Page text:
Como a FAA está aumentando a segurança da operação com helicópteros nos EUA

Como a FAA está aumentando a segurança da operação com helicópteros nos EUA

By: Author Raul MarinhoPosted on

A FAA anunciou hoje a divulgação dos números relacionados a acidentes na aviação de asa rotativa para 2016. Há o que comemorar, conforme se pode ver:


A questão é COMO se chegou a isto. Não foi por acaso, como se deve imaginar… A nota da FAA dá o caminho das pedras na sua nota, que reproduzo abaixo no original:

Creating a culture of safety – The FAA has encouraged helicopter companies and individual pilots to promote safety in the workplace. Efforts include establishing a system where anyone can report an unsafe condition without fear of reprisal, making every employee a champion of safety, and establishing safety training programs for mechanics, pilots and other employees.

Cutting the red tape – The FAA issued the Non-Required Safety Enhancing Equipment policy in 2013 after consultations with industry. The policy  allows operators and manufacturers to install safety equipment through a streamlined and less expensive approval process. The policy seeks to strike a balance between risk and safety through a “common-sense” approach.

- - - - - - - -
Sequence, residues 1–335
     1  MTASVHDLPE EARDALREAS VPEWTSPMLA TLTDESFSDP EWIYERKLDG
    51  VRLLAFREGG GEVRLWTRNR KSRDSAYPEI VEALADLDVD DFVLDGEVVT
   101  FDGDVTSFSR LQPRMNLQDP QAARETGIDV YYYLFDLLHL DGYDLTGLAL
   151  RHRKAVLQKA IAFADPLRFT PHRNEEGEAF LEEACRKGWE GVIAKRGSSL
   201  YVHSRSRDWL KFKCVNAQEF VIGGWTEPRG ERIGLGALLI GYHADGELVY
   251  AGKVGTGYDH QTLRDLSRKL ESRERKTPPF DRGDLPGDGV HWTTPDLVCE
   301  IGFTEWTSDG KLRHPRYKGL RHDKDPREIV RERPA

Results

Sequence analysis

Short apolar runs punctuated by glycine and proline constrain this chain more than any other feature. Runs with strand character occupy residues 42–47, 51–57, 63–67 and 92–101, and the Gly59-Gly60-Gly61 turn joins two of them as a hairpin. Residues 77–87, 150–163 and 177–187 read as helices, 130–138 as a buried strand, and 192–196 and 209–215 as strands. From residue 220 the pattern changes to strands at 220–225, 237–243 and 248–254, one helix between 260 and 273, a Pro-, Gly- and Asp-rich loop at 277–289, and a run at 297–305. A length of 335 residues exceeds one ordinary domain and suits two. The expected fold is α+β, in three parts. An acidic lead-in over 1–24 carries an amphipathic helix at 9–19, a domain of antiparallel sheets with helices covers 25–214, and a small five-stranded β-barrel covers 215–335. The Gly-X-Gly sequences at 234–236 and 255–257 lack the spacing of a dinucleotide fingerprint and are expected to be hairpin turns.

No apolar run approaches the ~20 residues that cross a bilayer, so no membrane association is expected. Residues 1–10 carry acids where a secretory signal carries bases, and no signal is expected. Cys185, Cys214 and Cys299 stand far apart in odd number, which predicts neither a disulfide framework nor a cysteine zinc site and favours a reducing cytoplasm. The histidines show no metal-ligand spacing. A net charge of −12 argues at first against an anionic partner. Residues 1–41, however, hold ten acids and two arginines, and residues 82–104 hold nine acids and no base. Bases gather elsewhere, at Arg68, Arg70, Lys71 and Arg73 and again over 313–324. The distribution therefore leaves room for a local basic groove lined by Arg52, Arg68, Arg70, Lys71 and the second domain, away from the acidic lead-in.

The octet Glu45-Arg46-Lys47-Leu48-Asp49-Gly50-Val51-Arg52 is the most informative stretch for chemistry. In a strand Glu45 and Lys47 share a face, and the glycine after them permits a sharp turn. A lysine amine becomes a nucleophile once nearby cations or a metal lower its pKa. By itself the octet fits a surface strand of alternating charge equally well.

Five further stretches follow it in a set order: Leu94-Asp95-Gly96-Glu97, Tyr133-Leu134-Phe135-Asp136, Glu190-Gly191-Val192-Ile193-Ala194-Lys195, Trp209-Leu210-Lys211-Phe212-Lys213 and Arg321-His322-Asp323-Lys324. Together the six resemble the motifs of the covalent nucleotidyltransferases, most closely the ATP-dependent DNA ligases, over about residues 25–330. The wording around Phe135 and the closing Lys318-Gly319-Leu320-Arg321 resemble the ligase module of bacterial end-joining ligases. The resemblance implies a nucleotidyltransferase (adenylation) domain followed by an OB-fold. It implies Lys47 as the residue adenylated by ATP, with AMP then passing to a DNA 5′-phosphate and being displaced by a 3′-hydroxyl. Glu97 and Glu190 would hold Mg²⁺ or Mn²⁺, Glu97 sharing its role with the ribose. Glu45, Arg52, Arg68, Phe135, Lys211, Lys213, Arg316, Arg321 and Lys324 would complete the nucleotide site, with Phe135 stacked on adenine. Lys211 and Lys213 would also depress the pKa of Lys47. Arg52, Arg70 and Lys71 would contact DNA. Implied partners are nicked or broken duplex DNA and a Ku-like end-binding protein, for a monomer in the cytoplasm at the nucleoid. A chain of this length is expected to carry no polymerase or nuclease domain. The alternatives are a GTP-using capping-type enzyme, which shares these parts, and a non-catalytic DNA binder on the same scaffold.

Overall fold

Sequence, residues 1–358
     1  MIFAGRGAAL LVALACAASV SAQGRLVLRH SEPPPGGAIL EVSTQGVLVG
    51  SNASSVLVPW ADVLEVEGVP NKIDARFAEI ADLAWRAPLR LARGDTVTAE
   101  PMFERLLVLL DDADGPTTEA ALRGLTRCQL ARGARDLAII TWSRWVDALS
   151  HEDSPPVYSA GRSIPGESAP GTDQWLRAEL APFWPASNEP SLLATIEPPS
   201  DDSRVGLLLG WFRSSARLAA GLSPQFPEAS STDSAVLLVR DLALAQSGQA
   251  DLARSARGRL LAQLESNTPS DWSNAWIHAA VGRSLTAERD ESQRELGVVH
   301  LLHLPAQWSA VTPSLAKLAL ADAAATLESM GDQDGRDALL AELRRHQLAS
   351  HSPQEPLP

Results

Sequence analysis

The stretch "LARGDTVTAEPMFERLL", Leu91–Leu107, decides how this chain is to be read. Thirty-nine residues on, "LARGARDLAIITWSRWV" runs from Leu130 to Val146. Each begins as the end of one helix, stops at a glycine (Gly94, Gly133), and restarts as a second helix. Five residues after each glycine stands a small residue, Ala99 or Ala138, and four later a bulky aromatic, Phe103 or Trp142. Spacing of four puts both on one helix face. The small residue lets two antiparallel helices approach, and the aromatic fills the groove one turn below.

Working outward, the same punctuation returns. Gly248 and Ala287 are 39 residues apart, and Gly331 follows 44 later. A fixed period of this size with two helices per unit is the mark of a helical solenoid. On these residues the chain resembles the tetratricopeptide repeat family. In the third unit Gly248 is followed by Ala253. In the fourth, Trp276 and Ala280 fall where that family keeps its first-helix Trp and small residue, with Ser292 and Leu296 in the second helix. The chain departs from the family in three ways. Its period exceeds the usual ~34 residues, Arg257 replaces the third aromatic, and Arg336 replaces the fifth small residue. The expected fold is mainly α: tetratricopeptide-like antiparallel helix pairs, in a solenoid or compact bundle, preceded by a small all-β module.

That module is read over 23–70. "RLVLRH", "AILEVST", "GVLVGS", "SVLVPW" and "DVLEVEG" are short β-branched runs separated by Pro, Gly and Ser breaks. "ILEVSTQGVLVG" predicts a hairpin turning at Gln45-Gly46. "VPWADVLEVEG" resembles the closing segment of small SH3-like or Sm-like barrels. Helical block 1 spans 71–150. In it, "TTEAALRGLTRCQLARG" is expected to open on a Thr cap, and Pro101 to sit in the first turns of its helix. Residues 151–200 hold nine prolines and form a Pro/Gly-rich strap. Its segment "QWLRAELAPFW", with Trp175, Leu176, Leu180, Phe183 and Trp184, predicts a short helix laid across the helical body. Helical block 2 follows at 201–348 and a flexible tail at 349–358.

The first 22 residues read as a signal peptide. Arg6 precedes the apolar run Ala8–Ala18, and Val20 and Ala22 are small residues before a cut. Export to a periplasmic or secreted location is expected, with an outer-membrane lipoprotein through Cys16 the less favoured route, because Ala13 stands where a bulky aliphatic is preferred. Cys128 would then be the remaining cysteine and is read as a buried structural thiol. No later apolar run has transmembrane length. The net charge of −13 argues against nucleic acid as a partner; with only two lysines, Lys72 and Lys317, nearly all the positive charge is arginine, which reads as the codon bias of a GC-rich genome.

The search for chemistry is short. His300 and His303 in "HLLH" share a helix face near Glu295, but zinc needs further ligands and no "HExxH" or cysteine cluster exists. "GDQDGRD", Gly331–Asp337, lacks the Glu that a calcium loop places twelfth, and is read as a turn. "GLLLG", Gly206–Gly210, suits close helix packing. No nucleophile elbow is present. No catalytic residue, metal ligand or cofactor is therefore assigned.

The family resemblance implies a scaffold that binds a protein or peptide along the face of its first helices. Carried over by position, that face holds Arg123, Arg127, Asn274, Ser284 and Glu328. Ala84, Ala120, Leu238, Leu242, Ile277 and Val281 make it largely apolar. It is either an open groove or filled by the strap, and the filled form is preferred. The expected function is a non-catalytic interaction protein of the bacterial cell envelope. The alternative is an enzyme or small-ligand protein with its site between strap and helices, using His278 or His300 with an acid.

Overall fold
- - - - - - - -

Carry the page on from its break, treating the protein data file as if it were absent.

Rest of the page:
New technology – Both the FAA and industry are using technological advances to promote safer helicopter flights. For example, the FAA mandated that the Auto­matic Dependent Surveillance Broadcast system (ADS-B) be installed in U.S. helicopters by Jan. 1, 2020 if they intend to operate in busy airspace. ADS-B’s satellite-based technology can provide three-dimensional information (latitude, longitude, altitude) about a helicopter’s position, along with information about its direction and size, without the geographic drawbacks posed by radar.

Collaborative rule-making – The FAA is working with industry representatives to ensure that newly-manufactured helicopters can help prevent injuries, post-crash fires and catastrophic damage from bird-strikes. Some manufacturers and operators are already voluntarily stepping up and installing the life-saving equipment. In addition, the FAA required in 2014 that certain (Part 135) commercial helicopter operators, including air ambulances and air taxis, have stricter flight rules and procedures, improved communications, training, and additional on-board safety equipment.

FAA International Rotorcraft Safety conference – For the past two years, with industry’s support the FAA has hosted a three-day gathering focused on a variety of safety topics. The conference includes presentations about decision-making, fatigue, safe autorotations, protective equipment, a culture of safety, and first-person experiences.  

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